‘Speed: The Movie, The Play’ was hysterical.
Have you ever watched an action film and wondered what it would be like to be an extra on a bus with a bomb on it? Act/React’s brilliant installation theatre piece, ‘Speed: The Movie, The Play’ takes the audience on a roller coaster ride through the cult classic film from the 1990s.
After sell out seasons at Sydney Fringe and Perth Fringe World, this high-octane trip down the highway of 90s nostalgia makes an explosive return to the Brisbane Comedy Festival. There is limited seating because the ‘theatre’ is literally a bus and the collective of actors pop in and out of the audience as needed – meaning the audience never quite knows where the next one will appear.
Theatregoers are ushered into the “elevator” – a square of material on the ground, small enough to force the full audience to be in very close proximity. The walls are raised, leaving the audience inside the square, unable to see outside the elevator. Noises are heard all around, and suddenly, the elevator crashes. We are thankfully rescued by the LAPD officers – Keanu (Darren King) and his partner, Harry (Ellen Hardisty) – until there is an ambush from the villain, Dennis (Damien Campagnolo). Everyone is quickly ushered onto the bus and are greeted by Sam the Bus Driver (Natalie Bochenski). While the audience sightsees in Los Angeles, it becomes apparent that something is wrong – there is a bomb on the bus, and it will detonate if the bus goes below 50 miles per hour! Keanu boards the bus to help, but a loose passenger manages to shoot Sam the Bus Driver, leaving the speeding bus out of control. Suddenly, “Sandra” is plucked from her seat in the audience and takes the wheel, keeping the frantic pace, while the LAPD officers (King, Hardisty and Scott Driscoll) concoct a plan to get everyone off the bus safely.
This production takes nothing seriously, yet, the dedication of the actors to the story and momentum of the show is commendable. Since the audience is part of the story as hostages on the speeding bus, there are crucial elements that must be executed. The actors had strategically placed cards with dialogue for the unsuspecting audience members, yet the shy introverts need not fear the spotlight, as the cast are pros at picking the next star. Two key hostages, Helen (Elizabeth Best) and “the tourist” (Marselan Wignall) kept the action flowing by directing and assisting the audience in their participation. Outside the bus, the other actors were constantly moving, providing the feel of motion by running up and down the side of the bus with signs, trees, sirens, miniature helicopters and more throughout the story.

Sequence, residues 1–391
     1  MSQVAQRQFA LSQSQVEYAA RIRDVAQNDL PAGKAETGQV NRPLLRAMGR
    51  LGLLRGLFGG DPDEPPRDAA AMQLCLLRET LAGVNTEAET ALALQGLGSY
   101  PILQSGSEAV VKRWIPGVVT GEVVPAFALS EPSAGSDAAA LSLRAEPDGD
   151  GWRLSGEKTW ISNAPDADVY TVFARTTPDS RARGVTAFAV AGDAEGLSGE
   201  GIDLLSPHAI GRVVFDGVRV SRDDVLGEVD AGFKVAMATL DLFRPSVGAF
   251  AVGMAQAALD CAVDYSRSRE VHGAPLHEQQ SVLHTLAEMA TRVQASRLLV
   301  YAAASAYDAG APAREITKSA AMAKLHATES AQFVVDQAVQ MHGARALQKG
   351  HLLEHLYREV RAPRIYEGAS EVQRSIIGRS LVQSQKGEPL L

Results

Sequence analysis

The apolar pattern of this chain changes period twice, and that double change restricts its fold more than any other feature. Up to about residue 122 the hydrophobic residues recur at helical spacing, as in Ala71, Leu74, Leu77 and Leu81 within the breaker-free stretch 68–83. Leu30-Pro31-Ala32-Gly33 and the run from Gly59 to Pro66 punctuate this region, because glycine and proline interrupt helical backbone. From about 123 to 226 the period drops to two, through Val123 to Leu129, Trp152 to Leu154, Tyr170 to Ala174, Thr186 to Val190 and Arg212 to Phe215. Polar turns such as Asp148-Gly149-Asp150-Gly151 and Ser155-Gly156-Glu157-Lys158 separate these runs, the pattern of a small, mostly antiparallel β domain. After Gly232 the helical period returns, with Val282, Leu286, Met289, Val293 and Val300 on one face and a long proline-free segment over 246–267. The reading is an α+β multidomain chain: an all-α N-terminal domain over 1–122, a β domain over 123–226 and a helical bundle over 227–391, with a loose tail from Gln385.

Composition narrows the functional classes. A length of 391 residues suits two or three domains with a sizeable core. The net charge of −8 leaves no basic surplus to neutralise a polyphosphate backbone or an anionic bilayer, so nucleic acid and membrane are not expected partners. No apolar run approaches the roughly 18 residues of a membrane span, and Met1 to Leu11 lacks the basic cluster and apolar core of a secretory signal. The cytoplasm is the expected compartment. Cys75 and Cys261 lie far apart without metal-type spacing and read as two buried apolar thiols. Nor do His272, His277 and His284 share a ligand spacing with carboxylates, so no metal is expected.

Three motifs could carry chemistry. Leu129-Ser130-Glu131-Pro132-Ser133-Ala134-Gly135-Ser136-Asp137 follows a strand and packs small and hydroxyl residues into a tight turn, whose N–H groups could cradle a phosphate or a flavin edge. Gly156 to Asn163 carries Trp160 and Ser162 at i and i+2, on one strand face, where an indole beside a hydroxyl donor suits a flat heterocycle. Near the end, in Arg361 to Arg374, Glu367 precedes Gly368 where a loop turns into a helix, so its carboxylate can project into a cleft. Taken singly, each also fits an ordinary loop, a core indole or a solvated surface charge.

Written and created by Dan Beeston, Natalie Bochenski and Gregory Rowbotham, ‘Speed: The Movie: The Play’ is both spoof and homage to the movie that starred Keanu Reeves and Sandra Bullock. It’s also brilliantly executed by this team. The production has a feeling of siblings recreating their favourite film in the backyard with whatever props and costumes they can rummage from inside the house and this type of comedy adds to the charm and humour. Every line is a catchphrase, a pun, or an impersonation – Darren King nailed the signature inflection and speech pattern of Keanu Reeves – and the audience giggles and guffaws non-stop.
Running only an hour, the cast’s energy is astounding, as they often perform two to three times a night – more of a feat in Queensland’s humid summer temperatures. Act/React have also turned their particular style to other film classics, including ‘Titanic’ and ‘Die Hard’. Paired with a cold beverage and a host of other comedy shows at the Powerhouse, ‘Speed: The Movie, The Play’ is a fabulous way to kill an hour that guarantees non-stop, action-packed laughs.
‘Speed: The Movie, The Play’ speeds along at the Brisbane Powerhouse until Sunday, 22 March 2020. Tickets available at Brisbane Powerhouse’s Website.
Disclaimer: Cast / Production Members working on this show also work for Theatre Haus, but rest assured, we always take steps to ensure our reviews maintain their integrity and are free from bias.